This is the third in a series of blog posts I am writing about investment property and being a landlord. In my last post, I talked about what type of property makes a good rental or investment property and how you might decide what kind of property is right for your investment goals. If you have questions or additional topics that you would like discussed, I would love to hear from you.

On to the current topic: Where do you begin with rental or investment property? I’d say, with your bank account! Does your savings account or cash flow allow for additional and previously un-planned expenses? Will it still have enough for you to continue enjoying the lifestyle you’re living or will it require some adjustments? A slight adjustment in lifestyle now in order to invest for the future might be worth it.  I will address more of the financials in a separate, upcoming blog, so for now let’s stay on the starting block.

If your bank account and budget say “Go for it” – then what do you do? You ask yourself more questions:

  • Near or far? Does it make more sense to own a local rental that you can keep an eye on while driving to or from work or on your jogging route? Or, would you prefer to own an investment in a different location; perhaps where you travel on vacation – or where you see yourself living sometime down the road? The location question is rather personal and to my knowledge the only two people who can answer the question wisely would be you and/or your Realtor. You know what areas you like; she knows what areas are popular for rentals. (On a personal note, when my husband and I were looking for an investment property, we thought we wanted it in Dayton, NV (a rather large “mart” had made plans/promises of building a Superstore right there) – yet once we drove into town, there was nothing in the community to convince us this would be the best place to own a rental. Hence we ended up owning a property in Sparks, NV instead. Also to note, my husband handles the majority of any rental-repairs, so taking into account the travelling time and expense versus hiring a repair technician each time something went wrong kept us on track for finding something closer to home.)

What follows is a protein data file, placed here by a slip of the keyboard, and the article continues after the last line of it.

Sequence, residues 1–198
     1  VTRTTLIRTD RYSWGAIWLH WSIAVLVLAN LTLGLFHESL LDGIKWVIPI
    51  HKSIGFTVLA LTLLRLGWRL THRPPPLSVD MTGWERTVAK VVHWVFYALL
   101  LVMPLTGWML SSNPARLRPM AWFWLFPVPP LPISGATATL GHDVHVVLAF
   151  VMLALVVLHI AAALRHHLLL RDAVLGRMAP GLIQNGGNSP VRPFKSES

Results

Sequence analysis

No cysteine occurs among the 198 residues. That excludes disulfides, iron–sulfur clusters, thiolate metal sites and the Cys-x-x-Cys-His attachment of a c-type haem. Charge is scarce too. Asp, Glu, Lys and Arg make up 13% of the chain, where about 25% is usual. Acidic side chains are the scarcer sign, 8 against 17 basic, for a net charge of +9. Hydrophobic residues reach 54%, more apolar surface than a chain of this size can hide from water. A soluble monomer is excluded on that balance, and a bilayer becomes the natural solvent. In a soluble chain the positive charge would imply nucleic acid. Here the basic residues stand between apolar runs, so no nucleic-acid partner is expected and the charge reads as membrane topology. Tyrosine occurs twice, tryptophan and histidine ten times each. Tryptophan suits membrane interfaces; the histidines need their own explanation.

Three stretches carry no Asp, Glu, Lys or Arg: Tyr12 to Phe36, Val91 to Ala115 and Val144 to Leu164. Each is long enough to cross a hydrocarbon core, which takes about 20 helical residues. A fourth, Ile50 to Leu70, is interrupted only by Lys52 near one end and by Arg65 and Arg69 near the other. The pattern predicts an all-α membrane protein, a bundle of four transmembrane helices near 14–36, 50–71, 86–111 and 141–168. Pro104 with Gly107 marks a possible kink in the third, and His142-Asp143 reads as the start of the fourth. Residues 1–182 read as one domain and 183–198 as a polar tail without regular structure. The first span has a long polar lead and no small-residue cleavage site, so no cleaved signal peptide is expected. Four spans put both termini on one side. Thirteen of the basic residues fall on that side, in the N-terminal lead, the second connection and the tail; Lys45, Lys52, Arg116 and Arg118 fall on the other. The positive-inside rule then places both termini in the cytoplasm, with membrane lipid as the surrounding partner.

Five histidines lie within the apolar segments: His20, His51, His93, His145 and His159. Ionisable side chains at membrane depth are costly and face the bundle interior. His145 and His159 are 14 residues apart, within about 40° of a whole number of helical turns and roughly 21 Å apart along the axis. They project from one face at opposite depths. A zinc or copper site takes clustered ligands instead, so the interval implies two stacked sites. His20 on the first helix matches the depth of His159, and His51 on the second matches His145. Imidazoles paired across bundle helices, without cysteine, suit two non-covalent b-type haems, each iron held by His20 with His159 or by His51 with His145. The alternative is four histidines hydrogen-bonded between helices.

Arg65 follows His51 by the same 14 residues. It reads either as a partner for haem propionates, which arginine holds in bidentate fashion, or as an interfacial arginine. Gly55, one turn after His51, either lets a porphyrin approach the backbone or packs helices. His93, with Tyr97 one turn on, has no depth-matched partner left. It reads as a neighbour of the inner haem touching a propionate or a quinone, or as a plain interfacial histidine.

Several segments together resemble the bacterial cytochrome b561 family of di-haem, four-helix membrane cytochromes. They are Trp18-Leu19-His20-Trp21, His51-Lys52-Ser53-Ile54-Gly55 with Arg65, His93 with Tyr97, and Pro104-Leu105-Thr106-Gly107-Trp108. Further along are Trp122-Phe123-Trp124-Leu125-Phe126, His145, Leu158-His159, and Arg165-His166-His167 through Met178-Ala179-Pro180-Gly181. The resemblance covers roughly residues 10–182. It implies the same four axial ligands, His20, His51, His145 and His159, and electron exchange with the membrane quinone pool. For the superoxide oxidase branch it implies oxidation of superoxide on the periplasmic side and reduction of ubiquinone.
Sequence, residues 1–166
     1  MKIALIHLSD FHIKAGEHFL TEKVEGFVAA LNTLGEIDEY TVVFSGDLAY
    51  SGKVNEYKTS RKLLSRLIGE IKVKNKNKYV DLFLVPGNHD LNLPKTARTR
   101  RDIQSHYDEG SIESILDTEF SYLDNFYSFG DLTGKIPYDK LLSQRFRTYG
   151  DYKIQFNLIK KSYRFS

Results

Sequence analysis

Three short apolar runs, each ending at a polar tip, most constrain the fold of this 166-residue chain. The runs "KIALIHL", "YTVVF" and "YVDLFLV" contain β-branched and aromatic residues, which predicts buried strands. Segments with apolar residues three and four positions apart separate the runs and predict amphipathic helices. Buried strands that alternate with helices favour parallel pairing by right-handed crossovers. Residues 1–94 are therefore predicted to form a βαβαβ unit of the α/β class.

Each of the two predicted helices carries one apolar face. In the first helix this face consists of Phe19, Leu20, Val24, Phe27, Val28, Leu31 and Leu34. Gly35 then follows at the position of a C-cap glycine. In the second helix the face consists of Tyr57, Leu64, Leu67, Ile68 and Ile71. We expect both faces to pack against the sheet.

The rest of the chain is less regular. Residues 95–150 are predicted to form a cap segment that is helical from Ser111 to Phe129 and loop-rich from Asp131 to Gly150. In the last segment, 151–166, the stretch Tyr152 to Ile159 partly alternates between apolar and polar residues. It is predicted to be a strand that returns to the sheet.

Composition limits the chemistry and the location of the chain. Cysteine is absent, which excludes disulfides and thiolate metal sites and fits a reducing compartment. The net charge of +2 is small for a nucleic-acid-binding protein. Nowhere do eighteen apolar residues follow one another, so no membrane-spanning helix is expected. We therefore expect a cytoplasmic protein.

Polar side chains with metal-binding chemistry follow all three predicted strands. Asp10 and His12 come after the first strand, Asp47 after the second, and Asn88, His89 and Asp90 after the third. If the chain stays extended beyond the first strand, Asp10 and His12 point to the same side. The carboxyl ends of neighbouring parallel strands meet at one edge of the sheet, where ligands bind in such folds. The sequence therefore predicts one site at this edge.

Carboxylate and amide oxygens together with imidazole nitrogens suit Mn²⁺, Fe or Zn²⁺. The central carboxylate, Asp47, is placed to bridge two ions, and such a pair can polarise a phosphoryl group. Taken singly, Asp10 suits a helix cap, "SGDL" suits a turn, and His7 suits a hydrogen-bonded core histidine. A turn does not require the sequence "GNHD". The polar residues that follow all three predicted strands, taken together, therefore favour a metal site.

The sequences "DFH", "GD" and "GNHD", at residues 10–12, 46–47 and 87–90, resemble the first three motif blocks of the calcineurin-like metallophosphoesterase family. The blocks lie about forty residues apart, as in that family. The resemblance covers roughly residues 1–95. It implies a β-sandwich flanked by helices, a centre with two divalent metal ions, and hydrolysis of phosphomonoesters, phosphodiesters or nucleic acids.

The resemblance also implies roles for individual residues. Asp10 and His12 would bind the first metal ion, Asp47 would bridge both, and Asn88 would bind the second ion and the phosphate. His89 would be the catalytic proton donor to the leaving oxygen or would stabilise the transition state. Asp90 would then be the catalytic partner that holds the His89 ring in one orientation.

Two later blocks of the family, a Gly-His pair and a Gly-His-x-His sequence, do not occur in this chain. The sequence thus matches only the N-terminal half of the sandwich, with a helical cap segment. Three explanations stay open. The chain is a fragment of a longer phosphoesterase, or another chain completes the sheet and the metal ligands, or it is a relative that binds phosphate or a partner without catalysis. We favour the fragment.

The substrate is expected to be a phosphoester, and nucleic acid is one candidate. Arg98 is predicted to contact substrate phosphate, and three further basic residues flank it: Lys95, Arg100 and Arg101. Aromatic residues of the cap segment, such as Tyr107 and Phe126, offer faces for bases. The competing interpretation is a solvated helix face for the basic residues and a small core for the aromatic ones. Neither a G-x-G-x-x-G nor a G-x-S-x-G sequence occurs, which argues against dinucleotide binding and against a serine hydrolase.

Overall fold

• Who do you see living in your investment?
    • Students, retirees, families…? University towns generally attract a younger crowd, where being within walking distance to campus will ring loud and clear – and very likely produce a higher rent.
    • Retirees and/or seniors may prefer a ground level living arrangement (far away from schools and the associated noise). Few stairs, easier to meet and greet neighbors while tending the yard, and you very likely have scored a true winner.
    • The working crowd can often time go either way… close to work in an apartment, with easy access to public transportation will be high on the list of some; just as a single family home in the suburbs will be desirable to others.
  • What would you prefer?
  • What does your Realtor suggest?

In the end, you need to go with your instincts after doing the research, and you’ll likely do fine. And remember, in the upcoming piece we’ll address what it means to be a landlord vs. hiring out the work to a property manager.